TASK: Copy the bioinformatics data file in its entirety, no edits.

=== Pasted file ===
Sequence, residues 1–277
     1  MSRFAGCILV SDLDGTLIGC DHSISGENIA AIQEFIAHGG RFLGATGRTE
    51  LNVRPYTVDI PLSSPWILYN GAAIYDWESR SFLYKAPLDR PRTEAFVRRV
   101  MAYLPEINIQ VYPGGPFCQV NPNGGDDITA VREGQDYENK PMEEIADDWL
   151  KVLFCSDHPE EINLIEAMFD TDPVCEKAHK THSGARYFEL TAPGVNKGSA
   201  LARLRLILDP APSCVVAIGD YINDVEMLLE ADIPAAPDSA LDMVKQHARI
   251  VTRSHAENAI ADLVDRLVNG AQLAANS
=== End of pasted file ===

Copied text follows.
Sequence, residues 1–277
     1  MSRFAGCILV SDLDGTLIGC DHSISGENIA AIQEFIAHGG RFLGATGRTE
    51  LNVRPYTVDI PLSSPWILYN GAAIYDWESR SFLYKAPLDR PRTEAFVRRV
   101  MAYLPEINIQ VYPGGPFCQV NPNGGDDITA VREGQDYENK PMEEIADDWL
   151  KVLFCSDHPE EINLIEAMFD TDPVCEKAHK THSGARYFEL TAPGVNKGSA
   201  LARLRLILDP APSCVVAIGD YINDVEMLLE ADIPAAPDSA LDMVKQHARI
   251  VTRSHAENAI ADLVDRLVNG AQLAANS